741 Sunset Blvd. West Hollywood, CA 90069 · Neighborhood: West Hollywood
Upscale Italian restaurant, Al Bacio quietly opened to the public this past weekend, just across the street from the (also newly opened), Church Key. Blowing the Sunset Strip “a kiss”, Al Bacio replaces the space left behind by former tenant, Osteria Drago. As for the design, I’m told not too much has changed from the layout of Drago (I had never been), except for some new paint and nice paintings. As you walk into the restaurant, you immediately face the glowing bar. The restaurant features a quaint private dining room as well as a small patio at the front. It’s a sophisticated restaurant that well suits this side of Sunset Boulevard.
Ingredients are made in-house, the dishes are simple, yet full of traditional Italian flavors and the chef is actually from Italy. I chatted with the well-travelled chef, Christian Simionato about his food and the meaning of Al Bacio.
Backyard Bite: Where were you cooking before Al Bacio?
Chef Simionato: Before, I was the sous chef at Andrea Ristorante at the Pelican Resort in Newport Beach for two and a half years. It was a beautiful experience and it was a really good school for me to start this new project. Before that, I was in Bejing. Another beautiful country. There, I learned a lot from a lot of good, good chefs.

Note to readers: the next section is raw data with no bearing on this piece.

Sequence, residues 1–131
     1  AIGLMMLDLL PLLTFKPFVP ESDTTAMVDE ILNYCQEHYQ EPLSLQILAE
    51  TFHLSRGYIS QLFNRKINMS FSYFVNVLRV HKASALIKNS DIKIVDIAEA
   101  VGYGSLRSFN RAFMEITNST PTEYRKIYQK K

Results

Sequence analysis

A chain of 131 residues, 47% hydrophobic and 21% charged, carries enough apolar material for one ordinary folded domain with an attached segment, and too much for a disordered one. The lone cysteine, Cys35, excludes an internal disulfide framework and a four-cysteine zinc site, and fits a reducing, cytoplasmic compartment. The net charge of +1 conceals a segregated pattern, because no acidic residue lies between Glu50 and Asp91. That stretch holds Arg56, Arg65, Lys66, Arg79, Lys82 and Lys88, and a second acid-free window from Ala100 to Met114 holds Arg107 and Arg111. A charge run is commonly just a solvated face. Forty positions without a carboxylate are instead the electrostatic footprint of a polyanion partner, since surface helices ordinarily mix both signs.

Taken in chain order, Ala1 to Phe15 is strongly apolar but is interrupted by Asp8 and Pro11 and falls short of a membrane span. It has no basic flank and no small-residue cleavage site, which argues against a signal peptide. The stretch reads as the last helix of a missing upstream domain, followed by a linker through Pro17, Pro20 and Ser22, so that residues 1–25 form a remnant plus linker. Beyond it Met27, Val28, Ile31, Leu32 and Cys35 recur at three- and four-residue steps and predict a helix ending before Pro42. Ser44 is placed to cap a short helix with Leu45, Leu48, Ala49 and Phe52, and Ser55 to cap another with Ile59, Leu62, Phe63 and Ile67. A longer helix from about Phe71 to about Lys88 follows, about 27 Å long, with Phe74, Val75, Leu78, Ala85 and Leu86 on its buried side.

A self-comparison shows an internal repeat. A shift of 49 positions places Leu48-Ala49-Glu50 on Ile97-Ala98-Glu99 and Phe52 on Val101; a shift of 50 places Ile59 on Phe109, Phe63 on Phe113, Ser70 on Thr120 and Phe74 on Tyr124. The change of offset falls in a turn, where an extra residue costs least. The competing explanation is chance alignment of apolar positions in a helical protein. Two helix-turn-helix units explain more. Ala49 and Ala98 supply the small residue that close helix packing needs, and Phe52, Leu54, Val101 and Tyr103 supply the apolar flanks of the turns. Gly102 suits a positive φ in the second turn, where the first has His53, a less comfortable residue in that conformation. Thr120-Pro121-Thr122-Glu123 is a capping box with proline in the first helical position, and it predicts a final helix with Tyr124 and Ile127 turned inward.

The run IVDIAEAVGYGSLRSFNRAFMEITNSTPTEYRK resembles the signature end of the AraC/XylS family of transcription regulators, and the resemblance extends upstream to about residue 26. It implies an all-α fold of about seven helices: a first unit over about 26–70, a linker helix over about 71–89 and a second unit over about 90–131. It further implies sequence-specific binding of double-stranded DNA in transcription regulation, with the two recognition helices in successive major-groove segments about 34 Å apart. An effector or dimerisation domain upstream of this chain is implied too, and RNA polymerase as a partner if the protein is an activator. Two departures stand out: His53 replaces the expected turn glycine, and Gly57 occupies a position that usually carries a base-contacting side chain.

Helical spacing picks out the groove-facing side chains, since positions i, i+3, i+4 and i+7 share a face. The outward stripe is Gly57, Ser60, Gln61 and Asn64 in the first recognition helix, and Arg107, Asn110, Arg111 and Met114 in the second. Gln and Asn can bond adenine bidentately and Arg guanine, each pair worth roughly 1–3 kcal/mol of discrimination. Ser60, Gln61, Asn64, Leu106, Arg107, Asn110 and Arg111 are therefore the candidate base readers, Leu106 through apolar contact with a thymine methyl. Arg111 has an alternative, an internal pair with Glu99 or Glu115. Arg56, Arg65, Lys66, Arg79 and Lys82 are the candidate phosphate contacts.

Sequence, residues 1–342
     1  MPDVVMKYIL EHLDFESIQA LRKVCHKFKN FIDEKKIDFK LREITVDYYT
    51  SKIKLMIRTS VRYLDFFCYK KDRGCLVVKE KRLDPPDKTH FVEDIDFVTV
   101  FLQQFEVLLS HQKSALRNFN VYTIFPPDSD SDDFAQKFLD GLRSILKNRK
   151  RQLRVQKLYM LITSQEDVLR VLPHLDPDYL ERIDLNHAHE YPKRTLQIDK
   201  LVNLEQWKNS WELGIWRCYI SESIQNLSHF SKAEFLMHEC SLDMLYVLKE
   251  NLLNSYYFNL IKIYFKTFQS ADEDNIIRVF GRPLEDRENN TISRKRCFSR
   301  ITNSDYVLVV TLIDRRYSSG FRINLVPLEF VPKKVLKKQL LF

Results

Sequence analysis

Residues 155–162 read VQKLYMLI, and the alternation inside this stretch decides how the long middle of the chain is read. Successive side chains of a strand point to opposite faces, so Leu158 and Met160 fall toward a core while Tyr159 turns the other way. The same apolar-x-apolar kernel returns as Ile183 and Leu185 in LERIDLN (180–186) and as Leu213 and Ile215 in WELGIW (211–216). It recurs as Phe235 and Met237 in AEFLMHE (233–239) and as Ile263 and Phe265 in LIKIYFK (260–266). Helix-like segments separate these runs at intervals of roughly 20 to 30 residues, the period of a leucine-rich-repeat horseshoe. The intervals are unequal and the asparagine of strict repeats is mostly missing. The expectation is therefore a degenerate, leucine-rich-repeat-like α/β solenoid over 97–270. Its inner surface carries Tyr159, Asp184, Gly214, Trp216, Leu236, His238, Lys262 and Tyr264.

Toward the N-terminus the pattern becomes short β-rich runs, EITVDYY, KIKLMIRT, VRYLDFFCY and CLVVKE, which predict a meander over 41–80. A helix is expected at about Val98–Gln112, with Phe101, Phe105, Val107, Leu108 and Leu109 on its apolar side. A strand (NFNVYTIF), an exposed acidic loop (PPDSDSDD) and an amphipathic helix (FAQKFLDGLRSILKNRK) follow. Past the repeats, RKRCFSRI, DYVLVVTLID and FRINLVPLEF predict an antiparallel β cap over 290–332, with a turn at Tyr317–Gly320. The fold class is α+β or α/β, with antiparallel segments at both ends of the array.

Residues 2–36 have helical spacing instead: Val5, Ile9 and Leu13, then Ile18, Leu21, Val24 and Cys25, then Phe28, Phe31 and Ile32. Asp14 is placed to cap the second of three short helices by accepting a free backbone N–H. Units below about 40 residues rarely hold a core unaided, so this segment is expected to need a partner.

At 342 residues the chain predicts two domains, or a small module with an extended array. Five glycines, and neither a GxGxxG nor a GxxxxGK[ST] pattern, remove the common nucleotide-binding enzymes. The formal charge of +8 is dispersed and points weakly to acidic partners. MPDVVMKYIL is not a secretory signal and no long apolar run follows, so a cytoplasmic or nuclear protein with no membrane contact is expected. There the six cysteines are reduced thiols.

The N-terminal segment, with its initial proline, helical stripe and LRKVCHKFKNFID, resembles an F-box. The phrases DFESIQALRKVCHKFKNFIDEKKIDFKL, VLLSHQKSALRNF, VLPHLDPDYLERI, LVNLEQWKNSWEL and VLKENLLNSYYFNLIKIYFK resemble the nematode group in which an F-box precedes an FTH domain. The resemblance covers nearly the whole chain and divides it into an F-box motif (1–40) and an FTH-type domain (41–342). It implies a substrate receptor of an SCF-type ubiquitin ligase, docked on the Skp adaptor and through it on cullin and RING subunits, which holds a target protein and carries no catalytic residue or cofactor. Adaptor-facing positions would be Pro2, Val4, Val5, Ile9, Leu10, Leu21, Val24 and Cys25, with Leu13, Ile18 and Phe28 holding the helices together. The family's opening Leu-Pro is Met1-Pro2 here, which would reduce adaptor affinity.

BYB: Where in Italy are you from?
Chef: I’m from Padua, close to Venice. My family has a little farm, I grew up in a little town. I grew up touching the the vegatables, seeing the meat first hand, milking… I was involved from the ground to the plate.
BYB: What does Al Bacio mean?
Chef: Something made al bacio (“the kiss”) means something is made in a exquisite way. As we say in Italy, if something is al bacio, it means something is really good. The traslation is like a big, big WOW.
BYB: How would you describe the menu?
Chef: We wanted to give guests a taste of authentic Italian food. Simple, but full of taste. I try to give the tradition of my country; the rum babá is from Naples, there’s tiramisu, homemade lemon sorbet, Orecchiette and rapini sauce from Puglia… One year aged risotto and the beautiful piece of meat… Wagyu from New York and beef cheek: it’s the rich part and the poor part (of the cow) combined together. Here, there is a little bit from all of Italy, from south to north.
I was treated to a special tasting menu just before they opened to the public. Here’s a peak at what you can expect:
Open Mon-Sat with lunch served Wednesdays – Fridays beginning in 2014. Happy hour is from 5 – 7 p.m. weekdays.